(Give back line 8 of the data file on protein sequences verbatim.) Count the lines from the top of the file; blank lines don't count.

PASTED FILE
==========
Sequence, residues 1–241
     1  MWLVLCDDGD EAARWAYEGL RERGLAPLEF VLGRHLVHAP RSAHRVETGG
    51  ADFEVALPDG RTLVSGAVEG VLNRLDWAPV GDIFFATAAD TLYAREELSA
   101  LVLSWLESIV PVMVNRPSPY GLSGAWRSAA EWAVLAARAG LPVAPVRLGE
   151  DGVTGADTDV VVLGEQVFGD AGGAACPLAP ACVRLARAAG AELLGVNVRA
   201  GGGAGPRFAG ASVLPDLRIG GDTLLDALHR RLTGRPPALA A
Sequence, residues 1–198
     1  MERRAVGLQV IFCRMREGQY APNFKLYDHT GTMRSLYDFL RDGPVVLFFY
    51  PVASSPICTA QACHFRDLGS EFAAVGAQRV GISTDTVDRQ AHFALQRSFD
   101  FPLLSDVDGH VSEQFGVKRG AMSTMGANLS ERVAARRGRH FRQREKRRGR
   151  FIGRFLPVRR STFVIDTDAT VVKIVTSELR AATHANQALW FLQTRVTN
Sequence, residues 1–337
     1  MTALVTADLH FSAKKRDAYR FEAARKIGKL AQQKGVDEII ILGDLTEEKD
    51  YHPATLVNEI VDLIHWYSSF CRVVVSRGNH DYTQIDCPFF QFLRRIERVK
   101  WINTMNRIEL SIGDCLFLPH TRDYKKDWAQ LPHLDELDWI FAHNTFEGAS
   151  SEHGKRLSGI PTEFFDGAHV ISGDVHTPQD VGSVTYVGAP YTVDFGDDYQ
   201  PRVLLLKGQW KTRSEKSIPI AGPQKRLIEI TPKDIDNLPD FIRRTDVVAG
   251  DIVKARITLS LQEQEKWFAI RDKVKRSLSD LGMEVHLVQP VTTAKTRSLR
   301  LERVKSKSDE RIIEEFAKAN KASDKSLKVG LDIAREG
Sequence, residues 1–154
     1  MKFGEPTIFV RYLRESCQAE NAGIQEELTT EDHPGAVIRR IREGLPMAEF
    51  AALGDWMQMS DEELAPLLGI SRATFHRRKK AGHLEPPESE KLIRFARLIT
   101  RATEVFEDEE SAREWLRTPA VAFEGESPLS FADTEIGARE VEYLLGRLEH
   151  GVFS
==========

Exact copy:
     1  MERRAVGLQV IFCRMREGQY APNFKLYDHT GTMRSLYDFL RDGPVVLFFY